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Windows 10 just beat Ubuntu to the smartphone-PC convergence punch

Chris Hoffman | May 4, 2015
With Windows 10's universal apps and Continuum for phones, Microsoft is turning Ubuntu's dream of convergence into cold, hard reality.

windows 10 phones continuum

Microsoft's ploy to transform Windows Phones into full-blown Windows PCs when connected to an external monitor may seem revolutionary, but it's nothing new. At least not in theory.

Canonical has been pitching an exciting vision of smartphone-PC convergence for years. The audacious Ubuntu Edge project achieved over $12 million in crowdfunding pledges because of this promise. Your phone could run a full operating system that functions like any other mobile OS in normal use. Dock it to a larger display, however, and you'd get a traditional desktop interface with more powerful applications.

This is the long-term vision of Ubuntu phone--but Ubuntu phones have been delayed time and time again. While the BQ Aquarius phone is now out in Europe, the rest of us are still waiting for the Meizu MX4. What's more, these phones don't provide "convergence" at all. That goal is still years in the future for Canonical. Canonical has shifted to touting Ubuntu phone's unique interface and design instead.

Ubuntu may have beaten Windows to the idea of phone-PC convergence. But it's something Microsoft is about to launch this year with Windows 10 phones, and in some ways, Microsoft's vision even outshines Canonical's.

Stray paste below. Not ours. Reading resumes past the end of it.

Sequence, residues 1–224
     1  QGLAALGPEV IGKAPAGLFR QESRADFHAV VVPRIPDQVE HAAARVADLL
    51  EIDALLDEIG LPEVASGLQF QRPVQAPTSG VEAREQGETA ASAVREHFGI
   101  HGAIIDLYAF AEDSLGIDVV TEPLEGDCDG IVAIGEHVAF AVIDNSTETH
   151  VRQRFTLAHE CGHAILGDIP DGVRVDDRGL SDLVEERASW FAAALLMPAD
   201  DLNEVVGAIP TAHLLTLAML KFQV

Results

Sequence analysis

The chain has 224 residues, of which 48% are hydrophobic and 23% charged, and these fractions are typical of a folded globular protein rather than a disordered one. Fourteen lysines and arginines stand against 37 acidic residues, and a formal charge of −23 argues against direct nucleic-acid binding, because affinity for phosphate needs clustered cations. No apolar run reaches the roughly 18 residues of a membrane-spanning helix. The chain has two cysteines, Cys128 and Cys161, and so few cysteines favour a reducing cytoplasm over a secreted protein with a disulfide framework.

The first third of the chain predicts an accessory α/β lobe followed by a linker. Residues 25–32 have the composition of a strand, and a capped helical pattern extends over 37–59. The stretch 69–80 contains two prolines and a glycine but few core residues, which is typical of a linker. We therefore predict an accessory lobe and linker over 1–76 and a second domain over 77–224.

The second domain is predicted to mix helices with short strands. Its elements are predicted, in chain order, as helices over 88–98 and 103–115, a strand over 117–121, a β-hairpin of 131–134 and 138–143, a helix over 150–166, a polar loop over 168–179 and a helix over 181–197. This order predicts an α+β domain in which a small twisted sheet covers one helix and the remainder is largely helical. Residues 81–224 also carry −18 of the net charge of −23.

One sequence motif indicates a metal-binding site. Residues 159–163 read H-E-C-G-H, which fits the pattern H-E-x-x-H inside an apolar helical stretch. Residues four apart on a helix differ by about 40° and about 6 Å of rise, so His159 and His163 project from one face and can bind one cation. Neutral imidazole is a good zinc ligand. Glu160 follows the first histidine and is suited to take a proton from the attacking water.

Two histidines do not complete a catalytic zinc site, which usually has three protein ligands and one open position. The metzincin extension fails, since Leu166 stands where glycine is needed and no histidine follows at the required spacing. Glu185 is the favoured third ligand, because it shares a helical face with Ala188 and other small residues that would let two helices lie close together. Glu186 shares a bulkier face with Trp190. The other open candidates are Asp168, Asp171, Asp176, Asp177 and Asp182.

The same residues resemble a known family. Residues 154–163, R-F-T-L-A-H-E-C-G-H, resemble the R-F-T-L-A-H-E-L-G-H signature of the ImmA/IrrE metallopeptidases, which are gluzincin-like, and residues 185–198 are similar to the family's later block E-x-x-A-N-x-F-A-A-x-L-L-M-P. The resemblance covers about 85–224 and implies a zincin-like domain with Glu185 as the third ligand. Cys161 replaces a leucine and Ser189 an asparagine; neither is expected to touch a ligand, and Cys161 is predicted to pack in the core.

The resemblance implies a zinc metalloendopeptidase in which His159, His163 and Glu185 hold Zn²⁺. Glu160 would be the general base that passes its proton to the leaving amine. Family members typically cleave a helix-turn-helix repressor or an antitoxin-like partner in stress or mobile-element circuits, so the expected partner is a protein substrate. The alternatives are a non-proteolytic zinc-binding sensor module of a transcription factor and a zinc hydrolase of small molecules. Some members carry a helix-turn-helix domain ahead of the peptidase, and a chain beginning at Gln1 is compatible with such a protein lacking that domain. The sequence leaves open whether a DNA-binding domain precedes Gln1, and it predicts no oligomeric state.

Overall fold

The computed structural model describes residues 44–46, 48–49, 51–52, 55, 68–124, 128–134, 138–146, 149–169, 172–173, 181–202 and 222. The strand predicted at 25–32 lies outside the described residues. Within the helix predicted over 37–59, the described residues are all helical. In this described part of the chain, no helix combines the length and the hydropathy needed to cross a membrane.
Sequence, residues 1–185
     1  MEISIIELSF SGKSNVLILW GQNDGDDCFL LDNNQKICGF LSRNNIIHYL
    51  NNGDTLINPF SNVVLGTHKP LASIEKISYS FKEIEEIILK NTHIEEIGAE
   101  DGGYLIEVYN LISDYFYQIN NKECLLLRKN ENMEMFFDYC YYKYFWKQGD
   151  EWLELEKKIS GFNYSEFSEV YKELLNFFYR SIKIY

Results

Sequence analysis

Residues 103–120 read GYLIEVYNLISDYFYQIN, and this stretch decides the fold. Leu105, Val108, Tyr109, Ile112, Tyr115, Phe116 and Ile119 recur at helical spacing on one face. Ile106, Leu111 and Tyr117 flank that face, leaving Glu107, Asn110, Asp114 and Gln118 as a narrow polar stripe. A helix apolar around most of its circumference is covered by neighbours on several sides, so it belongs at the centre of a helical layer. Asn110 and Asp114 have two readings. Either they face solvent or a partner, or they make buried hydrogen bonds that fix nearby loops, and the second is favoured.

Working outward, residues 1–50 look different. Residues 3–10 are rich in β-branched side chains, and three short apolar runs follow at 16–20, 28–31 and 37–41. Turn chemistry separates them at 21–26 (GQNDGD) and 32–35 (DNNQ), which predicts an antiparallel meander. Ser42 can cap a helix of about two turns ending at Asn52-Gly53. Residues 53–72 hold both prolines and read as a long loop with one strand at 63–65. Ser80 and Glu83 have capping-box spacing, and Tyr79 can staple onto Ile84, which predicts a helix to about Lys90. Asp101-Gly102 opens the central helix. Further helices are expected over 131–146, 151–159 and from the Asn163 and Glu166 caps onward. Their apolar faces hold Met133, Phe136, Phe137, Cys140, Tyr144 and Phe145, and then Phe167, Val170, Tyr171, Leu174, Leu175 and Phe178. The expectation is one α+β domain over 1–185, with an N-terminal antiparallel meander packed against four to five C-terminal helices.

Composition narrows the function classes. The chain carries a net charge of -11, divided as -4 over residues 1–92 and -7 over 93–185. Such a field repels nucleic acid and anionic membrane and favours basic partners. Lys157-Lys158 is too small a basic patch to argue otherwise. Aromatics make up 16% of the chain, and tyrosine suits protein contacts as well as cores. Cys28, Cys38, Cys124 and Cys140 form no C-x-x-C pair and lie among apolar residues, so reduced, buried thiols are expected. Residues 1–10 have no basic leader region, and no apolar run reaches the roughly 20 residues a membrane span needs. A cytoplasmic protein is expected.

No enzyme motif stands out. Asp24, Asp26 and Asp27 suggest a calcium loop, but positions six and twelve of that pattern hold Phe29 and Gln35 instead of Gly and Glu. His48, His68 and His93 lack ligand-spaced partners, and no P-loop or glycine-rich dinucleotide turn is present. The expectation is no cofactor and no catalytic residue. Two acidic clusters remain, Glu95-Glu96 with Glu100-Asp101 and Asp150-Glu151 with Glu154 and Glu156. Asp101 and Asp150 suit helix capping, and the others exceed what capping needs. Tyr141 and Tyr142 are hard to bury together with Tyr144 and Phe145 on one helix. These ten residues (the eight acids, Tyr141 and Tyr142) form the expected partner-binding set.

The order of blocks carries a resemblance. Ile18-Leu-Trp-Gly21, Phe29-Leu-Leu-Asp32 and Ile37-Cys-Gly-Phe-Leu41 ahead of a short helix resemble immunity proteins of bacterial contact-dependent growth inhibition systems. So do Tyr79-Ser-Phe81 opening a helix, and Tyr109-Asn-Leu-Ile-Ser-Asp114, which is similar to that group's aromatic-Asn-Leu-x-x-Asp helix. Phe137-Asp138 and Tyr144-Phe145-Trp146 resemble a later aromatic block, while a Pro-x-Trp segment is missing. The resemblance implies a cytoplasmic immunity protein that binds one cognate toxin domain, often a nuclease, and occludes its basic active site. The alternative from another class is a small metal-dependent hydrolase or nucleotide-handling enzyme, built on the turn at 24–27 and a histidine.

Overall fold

Windows 10's "Continuum for phones"
Microsoft's bold move is made possible by a new feature in Windows 10 known as "Continuum for phones."

Continuum is the Windows 10 feature that allows a PC to switch between tablet-optimized and desktop-optimized interfaces when a keyboard is plugged in or removed. Continuum for phones is a feature that will let you plug a Windows phone into a larger monitor or dock and get a full Windows desktop powered by your phone.

Microsoft unveiled Continuum for phones at Build 2015. Connect a Windows phone to a monitor and a Windows desktop appears on that display. The phone can function as a makeshift mouse and keyboard, or you can connect physical mice and keyboards. Your phone functions as the brains, providing all the processing power you need to use applications in a desktop interface. You can even continue to use the phone's interface while it's plugged in, using both the phone interface and desktop interface at once, all powered by the same chip.

Theoretically, Windows 10's Continuum for phones could even one day use Miracast or a similar standard to wirelessly power a display without needing to plug your phone into a monitor.

Windows 10's "universal apps," which appear in smaller, finger-friendly form on phones, will scale up to their full desktop interfaces when you're using Continuum for phones. With Windows 10, this now includes the universal versions of Word, Excel, PowerPoint, and other powerful applications, and Microsoft's actively working to get developers to stock the Windows Store with more universal apps, including sandboxed versions of traditional Win32 and .NET-based desktop software.

 

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